Jen Widerstrom's Diet Personality Types

Want fat-loss results that finally last and the body you’ve always dreamed of staring back at you in the mirror? The “Biggest Loser”coach has the secret to your success.

Jen Widerstorm doing cardio.
Per Bernal

Ever wonder why you seem to float from diet to diet without getting the results you want while your bestie just dials in to her meal-prep plan and doesn’t miss a beat? Or why you thrive on the energy of a group cycling class while your sister would much rather head outside for a solo run? Your personality may have a lot to do with it: That’s the inspiration behind celeb trainer and two-time Biggest Loser coach Jen Widerstrom’s new book, Diet Right for Your Personality Type (Harmony Books, 2017).

“What we need to hear and how we are motivated can be very different depending on each individual. I realized from all of my time coaching clients that there are five very distinct personality types that respond to diet and exercise cues in different ways,” explains Widerstrom.

The problem most people face, she adds, is that we tend to compare ourselves to others instead of focusing on ourselves. “We often look outside ourselves for answers, when the solution lies within each person,” she says. “I’m trying to give people the permission to see themselves as an asset and to use this information to elevate their own awareness.” She likens it to driving a car down a road with a big pothole. “The first time you hit it, you’re like, ‘Dang, that hurt my car!’ The next time you’re on that road, you know where that pothole is and how to avoid it.”

So if you know that dessert is your diet trigger, you can stock up on healthy alternatives rather than raiding the cookie jar after dinner, or if you get stuck with a big project at work, keep your gym bag in the car so you can hit the weights or running track after work. “All I’m asking is for people to identify who they are, so they know how to get past roadblocks that will undoubtedly come up,” says Widerstrom.

While the types are primarily identified through diet, you may also recognize certain workout patterns that you can follow. “If your workout isn’t in line with who you are and what you enjoy, you inherently won’t want to stick with it,” she notes. See if you can identify your dominant personality type from the following list. Then structure your diet program to best avoid triggers that can set you off course, so you will be set up for success.

SEE ALSO: Jen Widerstrom From 'The Biggest Loser' Inspires Women With Selfie

Your Type: The Organized Doer 

Who You Are:

A critical thinker who is results-oriented and highly organized and craves routine, rules, and planning.

Steps for Success: 

Allow your organization skills to work for you: Make a daily checklist that includes meals and movement goals (like brown bagging a healthy lunch and walking an extra mile at lunchtime). Batch-cook food on Sundays and Wednesdays for the following few days. Just remember that, while it’s nice to be consistent, it can also be fun to add variety.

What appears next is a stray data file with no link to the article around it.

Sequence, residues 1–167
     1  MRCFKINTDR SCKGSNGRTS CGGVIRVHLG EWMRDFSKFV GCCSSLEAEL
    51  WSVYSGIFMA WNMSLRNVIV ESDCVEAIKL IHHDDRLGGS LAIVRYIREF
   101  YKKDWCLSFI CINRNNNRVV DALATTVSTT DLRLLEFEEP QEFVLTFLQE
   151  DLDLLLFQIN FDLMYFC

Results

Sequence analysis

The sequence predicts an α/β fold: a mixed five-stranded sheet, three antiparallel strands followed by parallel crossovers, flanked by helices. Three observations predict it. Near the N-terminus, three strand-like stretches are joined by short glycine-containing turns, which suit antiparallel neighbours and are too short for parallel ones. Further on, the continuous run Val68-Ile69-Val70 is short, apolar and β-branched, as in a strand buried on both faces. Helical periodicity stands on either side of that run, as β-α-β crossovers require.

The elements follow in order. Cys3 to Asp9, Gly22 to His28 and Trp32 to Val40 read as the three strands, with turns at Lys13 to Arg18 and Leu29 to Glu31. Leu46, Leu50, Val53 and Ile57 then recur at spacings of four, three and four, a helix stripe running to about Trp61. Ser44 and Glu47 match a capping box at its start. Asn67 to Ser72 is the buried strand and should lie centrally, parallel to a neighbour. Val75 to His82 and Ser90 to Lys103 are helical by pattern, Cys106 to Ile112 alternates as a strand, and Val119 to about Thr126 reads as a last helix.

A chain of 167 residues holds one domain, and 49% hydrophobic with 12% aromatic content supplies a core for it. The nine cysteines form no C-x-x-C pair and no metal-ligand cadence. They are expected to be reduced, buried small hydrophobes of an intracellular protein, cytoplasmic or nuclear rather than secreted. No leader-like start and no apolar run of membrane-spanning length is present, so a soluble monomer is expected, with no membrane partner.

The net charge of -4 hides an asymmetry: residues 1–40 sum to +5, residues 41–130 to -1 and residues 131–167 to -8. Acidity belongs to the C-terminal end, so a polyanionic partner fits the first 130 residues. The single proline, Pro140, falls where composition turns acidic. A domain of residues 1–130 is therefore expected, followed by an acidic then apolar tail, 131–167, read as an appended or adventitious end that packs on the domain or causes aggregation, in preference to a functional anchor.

SEE ALSO: 5 Muscle-Building Lunches to Bring to Work

Potential Stumbling Blocks:

Organized Doers tend to be hard on themselves, says Widerstrom. “They’ll often fail to celebrate successes or progress and can be all-in or all-out when it comes to diet and exercise.” So remember to give yourself a pat on the back for completing that strength set or saying no to dessert.

Workout Keys: 

Find a structured program, whether that’s a weightlifting plan or training for a 10K, and stick with it. You tend to like both classes and independent training, so go with whatever you feel like doing. Set realistic weekly goals and keep track of your progress so you’re game to keep coming back for more.

Your Type: The Swinger 

Who You Are: Outgoing, open to new experiences, and always looking for the next great thing to do—whether that’s finding a hot new restaurant or a killer HIIT workout class.

Steps for Success:

You’re social and an extrovert, so take advantage of that addiction to Snapchat or Instagram and post your progress. Enlist a friend or family member to act as your accountability partner.

Potential Stumbling Blocks: 

Chasing the latest trend can mean you drop off your diet plan or workout program as fast as you started it. Find a picture or a phrase and put it on your phone or fridge that represents your end goal, a time when you loved your body, or an affirmation that makes you feel like you can take on the world. Enjoying lots of variety in your meals means you like to dine out a lot, but beware of those high-calorie menus. Give yourself plenty of fun meal- prep options so you won’t get bored.

Workout Keys: 

Sign up (and pay for) workouts in advance so you won’t be tempted to drop out, and look for social classes like group cycling or a boot camp program that offer both accountability and camaraderie. Install a fitness- tracking app on your phone or invest in a wearable tracker— then post about your success to friends and followers to share your progress!